How does digital identity get smarter over time—and how does it spot fraud?
To better understand how digital identity intelligence works, it might help to think of your favorite coffee shop, and the transactional experiences you’ve had there.
On your very first visit, your server might say hello, cash is exchanged and, with luck, you’re off with a cup of your favorite caffeinated concoction in no time.
Now think of your twentieth or thirtieth visit. By now, the relationship has changed in subtle and perhaps even noticeable ways. The barista may know just how you like your beverage. The server may know you by name, and perhaps has even seen your children, or told you they like your glasses.
Digital identity intelligence gives us greater insight into our client base, allowing us to make better risk decisions and be smarter about adjusting rules based on customer behavior.
-General manager, leading global financial services provider
The staff may ask about your weekend, or notice changes in your morning routine. They may ask where you’ve been when you return from a trip. Digital identity works in a similar way – developing confidence in an identity with each interaction.
When a baseline for normative behavior, device, event and transaction details are established for an identity, the intelligence on that identity becomes further enriched with each new transaction.
More inferences become available and powerful associations can be made. Trusted customers are recognized the moment they return, and their transactions can be accelerated.
For any digital event, each tiny deviation of the baseline can be weighted mathematically to contribute to an aggregate risk score for the transaction at hand.
Javelin Research recommends businesses use a richer array of context around the identity and behavior of customers throughout their entire journey
Minor variations, such as a new device or location, can be accommodated without raising a false positive for fraud. Those exceeding preset thresholds (which are typically configured to the needs of the business) may trigger a step-up. Suspicious indicators, such as an obfuscated location for a sensitive transaction, can tip the weighting significantly. When the risk threshold is surpassed, a transaction can be blocked.
Risk thresholds are generally set at the entity level, but are then aggregated to comprise a risk score for a transaction. Similarly, an identity gets scored based on aggregate history. Let’s look at a few examples.
The number of email addresses associated with an identity can easily be discovered. This data point might be useful to fight fraud, because while legitimate individuals may have a handful of email addresses, they don’t usually have several dozen. In this case, the mere presence of so many email addresses may mean nothing. But, as a behavior indicator, it can be weighted as a risk factor.
Likewise, transaction frequency or the average distance between transactions can be computed and weighted as risk factors. Multiple ship-to addresses may mean nothing, but too many can look suspicious. Literally hundreds of possibilities are available because hundreds of entities are generally available for analysis.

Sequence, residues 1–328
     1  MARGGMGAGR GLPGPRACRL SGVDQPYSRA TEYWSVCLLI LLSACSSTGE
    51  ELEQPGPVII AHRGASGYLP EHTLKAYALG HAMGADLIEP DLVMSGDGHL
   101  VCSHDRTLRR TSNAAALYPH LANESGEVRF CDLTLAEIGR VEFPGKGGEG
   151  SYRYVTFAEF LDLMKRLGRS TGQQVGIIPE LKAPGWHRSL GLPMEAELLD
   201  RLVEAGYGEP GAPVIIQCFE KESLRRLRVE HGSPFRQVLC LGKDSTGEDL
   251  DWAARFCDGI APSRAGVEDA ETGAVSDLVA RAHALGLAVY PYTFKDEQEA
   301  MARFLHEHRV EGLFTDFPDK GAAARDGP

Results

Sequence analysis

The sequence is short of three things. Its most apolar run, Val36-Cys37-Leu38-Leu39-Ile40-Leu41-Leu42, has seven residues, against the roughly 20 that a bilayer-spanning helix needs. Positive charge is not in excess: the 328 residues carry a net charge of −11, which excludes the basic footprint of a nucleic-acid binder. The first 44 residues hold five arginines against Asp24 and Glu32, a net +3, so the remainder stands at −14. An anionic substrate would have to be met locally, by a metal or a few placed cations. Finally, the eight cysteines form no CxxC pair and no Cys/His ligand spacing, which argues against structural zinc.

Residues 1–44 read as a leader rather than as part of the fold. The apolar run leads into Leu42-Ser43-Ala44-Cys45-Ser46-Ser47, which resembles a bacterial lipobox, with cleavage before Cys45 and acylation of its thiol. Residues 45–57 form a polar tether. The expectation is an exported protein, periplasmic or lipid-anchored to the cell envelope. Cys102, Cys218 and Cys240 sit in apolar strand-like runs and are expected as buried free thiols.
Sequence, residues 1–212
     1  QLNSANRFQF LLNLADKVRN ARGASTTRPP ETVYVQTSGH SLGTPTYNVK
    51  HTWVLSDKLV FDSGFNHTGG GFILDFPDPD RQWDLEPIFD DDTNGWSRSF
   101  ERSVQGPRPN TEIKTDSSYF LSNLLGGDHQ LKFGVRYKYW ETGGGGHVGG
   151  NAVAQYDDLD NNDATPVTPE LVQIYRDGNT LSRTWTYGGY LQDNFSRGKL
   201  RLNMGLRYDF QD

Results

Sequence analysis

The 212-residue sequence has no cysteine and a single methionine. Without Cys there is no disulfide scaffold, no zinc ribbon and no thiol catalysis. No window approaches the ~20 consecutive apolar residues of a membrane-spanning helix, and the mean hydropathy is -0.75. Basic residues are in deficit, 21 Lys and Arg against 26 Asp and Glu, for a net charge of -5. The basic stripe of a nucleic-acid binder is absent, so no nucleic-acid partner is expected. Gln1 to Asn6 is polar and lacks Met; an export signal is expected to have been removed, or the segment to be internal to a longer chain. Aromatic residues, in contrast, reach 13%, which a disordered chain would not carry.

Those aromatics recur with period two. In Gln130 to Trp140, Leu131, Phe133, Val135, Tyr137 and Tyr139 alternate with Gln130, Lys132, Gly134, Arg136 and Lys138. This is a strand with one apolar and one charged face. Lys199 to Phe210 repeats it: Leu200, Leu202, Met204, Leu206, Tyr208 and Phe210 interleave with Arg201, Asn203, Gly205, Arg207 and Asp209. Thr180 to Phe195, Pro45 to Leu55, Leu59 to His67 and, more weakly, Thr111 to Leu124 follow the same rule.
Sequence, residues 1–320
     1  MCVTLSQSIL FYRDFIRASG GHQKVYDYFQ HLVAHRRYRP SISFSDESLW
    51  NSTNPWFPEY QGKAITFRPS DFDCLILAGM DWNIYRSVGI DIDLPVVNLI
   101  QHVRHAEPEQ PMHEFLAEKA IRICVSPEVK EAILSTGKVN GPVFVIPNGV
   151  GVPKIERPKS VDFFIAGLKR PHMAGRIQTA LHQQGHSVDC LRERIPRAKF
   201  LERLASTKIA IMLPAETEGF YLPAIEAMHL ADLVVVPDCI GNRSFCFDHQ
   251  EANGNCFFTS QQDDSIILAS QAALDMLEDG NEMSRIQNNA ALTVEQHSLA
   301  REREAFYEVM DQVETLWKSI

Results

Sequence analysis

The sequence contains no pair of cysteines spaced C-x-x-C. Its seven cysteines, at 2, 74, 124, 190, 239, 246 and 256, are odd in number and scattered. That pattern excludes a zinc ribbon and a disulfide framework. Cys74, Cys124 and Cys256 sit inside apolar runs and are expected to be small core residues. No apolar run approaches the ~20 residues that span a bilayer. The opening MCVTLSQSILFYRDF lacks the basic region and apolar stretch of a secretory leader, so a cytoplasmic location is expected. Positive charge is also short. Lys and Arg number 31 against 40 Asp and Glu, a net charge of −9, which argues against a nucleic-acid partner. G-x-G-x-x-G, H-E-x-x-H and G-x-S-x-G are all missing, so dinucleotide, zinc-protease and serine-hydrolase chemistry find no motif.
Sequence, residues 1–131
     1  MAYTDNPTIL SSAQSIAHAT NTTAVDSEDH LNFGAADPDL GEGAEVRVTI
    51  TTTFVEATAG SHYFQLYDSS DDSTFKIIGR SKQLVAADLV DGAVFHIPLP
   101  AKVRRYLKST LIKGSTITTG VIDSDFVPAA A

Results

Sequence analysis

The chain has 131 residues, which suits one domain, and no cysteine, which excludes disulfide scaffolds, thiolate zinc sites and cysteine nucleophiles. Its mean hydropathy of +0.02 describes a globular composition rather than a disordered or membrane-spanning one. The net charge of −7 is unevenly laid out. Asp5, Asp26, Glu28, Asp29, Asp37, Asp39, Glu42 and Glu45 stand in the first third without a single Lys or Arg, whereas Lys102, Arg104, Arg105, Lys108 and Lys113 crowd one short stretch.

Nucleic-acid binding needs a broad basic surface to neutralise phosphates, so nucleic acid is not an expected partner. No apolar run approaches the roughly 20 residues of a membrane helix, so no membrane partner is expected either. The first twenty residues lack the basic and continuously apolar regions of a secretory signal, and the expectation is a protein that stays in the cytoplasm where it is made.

But this is not without complications. Some data related to web-based transactions can be obfuscated or altered by tools that have emerged as the web has evolved — often in response to legitimate security and privacy concerns.
Digital intelligence allowed us to have bespoke, risk-based authentication that is ahead of the curve. We continue to improve the online experience for valued customers while removing unnecessary friction.
-Data and analytics executive, leading online payments service provider
For example, many companies use Virtual Private Networks (VPNs) to encrypt connections between a remote user and the corporate server to prevent somebody from eavesdropping or spying on the connection.
Among other things, VPNs mask location to make it harder to hack into active sessions. As a result, the ability to pierce a proxy server to identify the true location of an event or user is critically important to any digital identity solution.
Another challenge is the TOR browser. Short for The Onion Router, it was originally developed for the U.S. Navy to protect government communications online.
TOR routes web connection requests randomly over a volunteer network consisting of more than 7,000 relays to conceal a user’s location and usage from anyone conducting network surveillance or traffic analysis. It also encrypts the addresses of each web server along the way.
The ability to detect TOR and other location-cloaking tactics is of paramount importance to many businesses using digital identity. Banks, for example, would generally be suspicious of the presence of any transaction request from an anonymous location.
Cybercriminals have also become adept at using virtualization techniques to emulate end-user devices. These virtual devices can be replicated in volume and used only once. Because the devices appear to be new, device-level intelligence can sometimes be tricked – simply because it hasn’t seen the device before.
Digital identity can identify devices heuristically. This approach doesn’t rely on cookies to identify a device, so it can identify devices with wiped cookies. It can also discover networks comprised of multiple virtual devices.
Next up: The Network Effect